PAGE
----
Sexual Assault is any type of sexual contact or behavior that occurs without the affirmative consent of the recipient. Falling under the definition of sexual assault are sexual activities such as forced sexual intercourse, forcible penetration, child molestation, fondling, and attempted rape.
Sexual Assault–Contact is any intentional sexual touching other than non-consensual sexual penetration without affirmative consent. Examples of non-consensual sexual contact may include: genital-genital or oral-genital contact not involving penetration; contact with breasts, buttocks, or genital area, including over clothing; removing the clothing of another person; and kissing.
Sexual Assault–Penetration is any act of vaginal or anal penetration by a person’s penis, finger, other body part, or an object, or oral penetration by a penis or any other body part, without a person’s affirmative consent.
Awareness is the first defense against an attack. The following information and suggestions can help protect yourself and others.
Minimize your risks
Please note: These guidelines are not guaranteed to prevent an attack, but following them can reduce the chances of an assault.
- Surround yourself with people who respect each other. You’re safest in communities that share values of mutual don’t tolerate disrespect or pressure in your communities; even small incidents can contribute to a negative climate.
- Look out for people around you. Simply stepping in to act when you see a troubling situation can make a big difference. If you see something that causes you concern—even if you’re not sure—check in. Call on friends, allies, and authority figures to help if you’re not sure— check in. Call on friends, allies, and authority figures to help if necessary.
- Respond to even minor issues. Serious situations can often be averted by response at the first sign of trouble. The Title IX Coordinator and Public Safety are always available to discuss such incidents. If you are in a position of authority, you have a responsibility to establish and maintain a respectful environment. If you are a supervisor, you must report any sexual misconduct that comes to your attention to a Title IX Coordinator.
- Take sexual pressure seriously. Many sexual assaults begin with low-level sexual pressure. Though sexual pressure and disregard don’t always lead to assault, you deserve to have your boundaries respected, not pushed.
- Hold out for enthusiasm. In general, it’s easy to tell if someone is enthusiastic about an encounter or not. Take any signs of reluctance or refusal, including nonverbal signs, very seriously. If the signs are ambiguous, be sure to stop, and then check in or ask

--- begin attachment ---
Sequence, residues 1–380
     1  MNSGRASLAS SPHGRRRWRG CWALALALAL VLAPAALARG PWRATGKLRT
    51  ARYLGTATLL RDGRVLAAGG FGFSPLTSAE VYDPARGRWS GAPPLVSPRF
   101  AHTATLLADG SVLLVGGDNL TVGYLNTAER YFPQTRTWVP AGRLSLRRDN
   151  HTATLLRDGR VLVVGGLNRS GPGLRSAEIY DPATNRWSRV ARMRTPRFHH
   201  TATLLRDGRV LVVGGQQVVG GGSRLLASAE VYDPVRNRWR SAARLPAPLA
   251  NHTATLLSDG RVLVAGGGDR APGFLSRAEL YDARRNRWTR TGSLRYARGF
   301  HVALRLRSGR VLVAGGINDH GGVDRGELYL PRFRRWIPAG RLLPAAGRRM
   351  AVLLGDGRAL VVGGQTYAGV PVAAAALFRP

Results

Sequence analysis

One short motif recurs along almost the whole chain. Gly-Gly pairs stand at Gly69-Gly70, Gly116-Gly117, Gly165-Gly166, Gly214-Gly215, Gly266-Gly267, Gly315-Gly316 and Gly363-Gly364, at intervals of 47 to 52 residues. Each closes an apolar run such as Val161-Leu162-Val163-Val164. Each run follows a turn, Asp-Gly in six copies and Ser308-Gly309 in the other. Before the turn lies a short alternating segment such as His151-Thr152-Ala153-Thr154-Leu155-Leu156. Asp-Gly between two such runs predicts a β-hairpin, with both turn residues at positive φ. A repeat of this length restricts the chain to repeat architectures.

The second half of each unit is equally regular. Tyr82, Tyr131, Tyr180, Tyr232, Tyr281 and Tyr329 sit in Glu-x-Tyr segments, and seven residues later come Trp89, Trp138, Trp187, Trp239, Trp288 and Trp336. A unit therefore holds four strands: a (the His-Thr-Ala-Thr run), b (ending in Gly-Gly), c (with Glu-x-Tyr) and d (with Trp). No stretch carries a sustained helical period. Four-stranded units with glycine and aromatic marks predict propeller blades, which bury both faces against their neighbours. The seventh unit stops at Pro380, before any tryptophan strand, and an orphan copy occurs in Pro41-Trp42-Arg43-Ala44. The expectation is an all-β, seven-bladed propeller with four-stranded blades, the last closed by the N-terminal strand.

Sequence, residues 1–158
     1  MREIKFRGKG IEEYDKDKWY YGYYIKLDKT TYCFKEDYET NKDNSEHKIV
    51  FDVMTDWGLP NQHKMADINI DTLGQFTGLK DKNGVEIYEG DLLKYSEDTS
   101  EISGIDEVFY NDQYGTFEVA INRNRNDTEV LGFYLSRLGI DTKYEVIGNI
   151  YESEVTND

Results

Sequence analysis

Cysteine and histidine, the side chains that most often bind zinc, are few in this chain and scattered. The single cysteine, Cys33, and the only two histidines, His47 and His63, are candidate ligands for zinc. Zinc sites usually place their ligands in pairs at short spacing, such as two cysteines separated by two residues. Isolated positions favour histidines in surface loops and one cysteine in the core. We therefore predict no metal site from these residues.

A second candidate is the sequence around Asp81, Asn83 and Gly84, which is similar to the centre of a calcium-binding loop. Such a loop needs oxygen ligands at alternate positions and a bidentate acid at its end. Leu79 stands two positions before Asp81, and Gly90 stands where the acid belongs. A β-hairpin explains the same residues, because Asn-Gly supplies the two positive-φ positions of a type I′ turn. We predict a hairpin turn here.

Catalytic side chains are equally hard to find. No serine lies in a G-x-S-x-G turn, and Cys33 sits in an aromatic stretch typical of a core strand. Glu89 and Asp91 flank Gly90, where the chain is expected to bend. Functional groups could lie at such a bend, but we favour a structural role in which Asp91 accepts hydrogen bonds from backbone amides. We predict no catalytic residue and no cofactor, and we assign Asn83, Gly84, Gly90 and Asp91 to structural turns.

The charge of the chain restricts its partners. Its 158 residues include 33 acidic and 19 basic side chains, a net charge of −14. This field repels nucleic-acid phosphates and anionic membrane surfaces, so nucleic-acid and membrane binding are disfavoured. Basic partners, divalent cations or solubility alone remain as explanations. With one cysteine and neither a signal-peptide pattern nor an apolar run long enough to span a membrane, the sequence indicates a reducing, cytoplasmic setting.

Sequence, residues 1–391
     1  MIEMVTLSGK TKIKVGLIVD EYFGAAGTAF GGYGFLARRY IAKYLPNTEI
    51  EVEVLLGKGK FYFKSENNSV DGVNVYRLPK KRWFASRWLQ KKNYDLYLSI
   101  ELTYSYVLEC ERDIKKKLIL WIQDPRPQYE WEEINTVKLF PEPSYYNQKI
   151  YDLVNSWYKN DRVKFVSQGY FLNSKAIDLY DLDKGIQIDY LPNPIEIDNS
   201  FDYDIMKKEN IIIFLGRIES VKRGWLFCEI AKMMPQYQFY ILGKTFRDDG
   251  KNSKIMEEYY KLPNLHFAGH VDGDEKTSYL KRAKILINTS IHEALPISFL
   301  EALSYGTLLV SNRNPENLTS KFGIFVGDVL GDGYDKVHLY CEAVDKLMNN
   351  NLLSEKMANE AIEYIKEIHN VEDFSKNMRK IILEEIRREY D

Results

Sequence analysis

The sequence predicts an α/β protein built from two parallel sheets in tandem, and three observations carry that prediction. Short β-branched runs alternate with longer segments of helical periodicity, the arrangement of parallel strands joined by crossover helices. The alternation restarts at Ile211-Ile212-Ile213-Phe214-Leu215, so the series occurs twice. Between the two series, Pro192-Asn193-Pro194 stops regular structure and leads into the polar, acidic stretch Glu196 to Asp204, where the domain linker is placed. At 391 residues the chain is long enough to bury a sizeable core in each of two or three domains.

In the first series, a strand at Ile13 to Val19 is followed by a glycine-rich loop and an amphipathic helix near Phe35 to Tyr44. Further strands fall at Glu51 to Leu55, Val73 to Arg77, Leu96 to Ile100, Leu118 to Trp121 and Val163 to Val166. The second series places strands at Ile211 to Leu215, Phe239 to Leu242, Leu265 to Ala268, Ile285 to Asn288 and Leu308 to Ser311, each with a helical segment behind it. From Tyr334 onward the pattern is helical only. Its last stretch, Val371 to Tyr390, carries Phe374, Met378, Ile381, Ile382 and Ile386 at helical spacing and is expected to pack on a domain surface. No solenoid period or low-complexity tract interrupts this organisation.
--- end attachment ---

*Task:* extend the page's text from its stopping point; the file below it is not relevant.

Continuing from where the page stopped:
- Be wary of extreme drunkenness. While drunkenness does not cause or excuse sexual misconduct, drunk people are more likely to disregard other people’s signals.
- Communicate with your sexual and romantic partners. Open discussion of desires and limits is a critical part of building a positive sexual
- Be alert to patterns, not just isolated actions. Sometimes, sexual misconduct can take the form of patterns of behaviors that might not be worrying in isolation, but that together constitute a problem. Take repeated disrespect, intimidation, and threats seriously, even if they seem small
- Walk with a friend if possible, especially if it’s at night or in a remote location. If you’re going on a jog, bring a companion.
- Stick to populated, well-lit areas if you need to walk alone. Avoid poorly lit areas.
- Carry a cell phone. The phone is helpful for dialing emergency numbers in case you are attacked. Have emergency numbers on speed dial so that you can dial quickly.
- If walking on a sidewalk, walk next to the street, not next to the buildings, where someone can hide in a doorway, alleyway, etc.
How to get help
If you or someone you know has been sexually assaulted, there are ways to get help.
- Call the police at 911. Sexual assault is a crime. Police can help you get medical care if necessary and will refer your case to someone in the Special
Victims Division. Officers in this squad are specially trained to respond sensitively to victims of sexual assault.
- Go to a hospital. Hospitals can document and treat injuries. Going to the doctor may be easier if someone goes with you. New York City hospitals also have sexual assault experts on staff who can help you through the
- Treatment and preservation of evidence are crucial to a criminal investigation, and it is best gathered as soon as possible after an incident, It may be helpful in obtaining an order of protection. An individual who may be a victim of sexual misconduct as a consequence of alcohol and/or other drugs should have a toxicology examination at the hospital as quickly as possible as drugs may remain in a person’s system for only a short time. Most hospitals have rape victim protocols that are very supportive of Victims are able to receive a sexual assault forensic examination (commonly referred to as a “rape kit”) within 96 hours of an assault. You are encouraged to let hospital personnel know if you do not want your insurance policy holder to be notified about your access to these services.
- Use the resources listed at the end of this brochure. There are professionals at FIT who can help a student or employee get assistance and receive reports. New York City, New York State, and national resources are also available.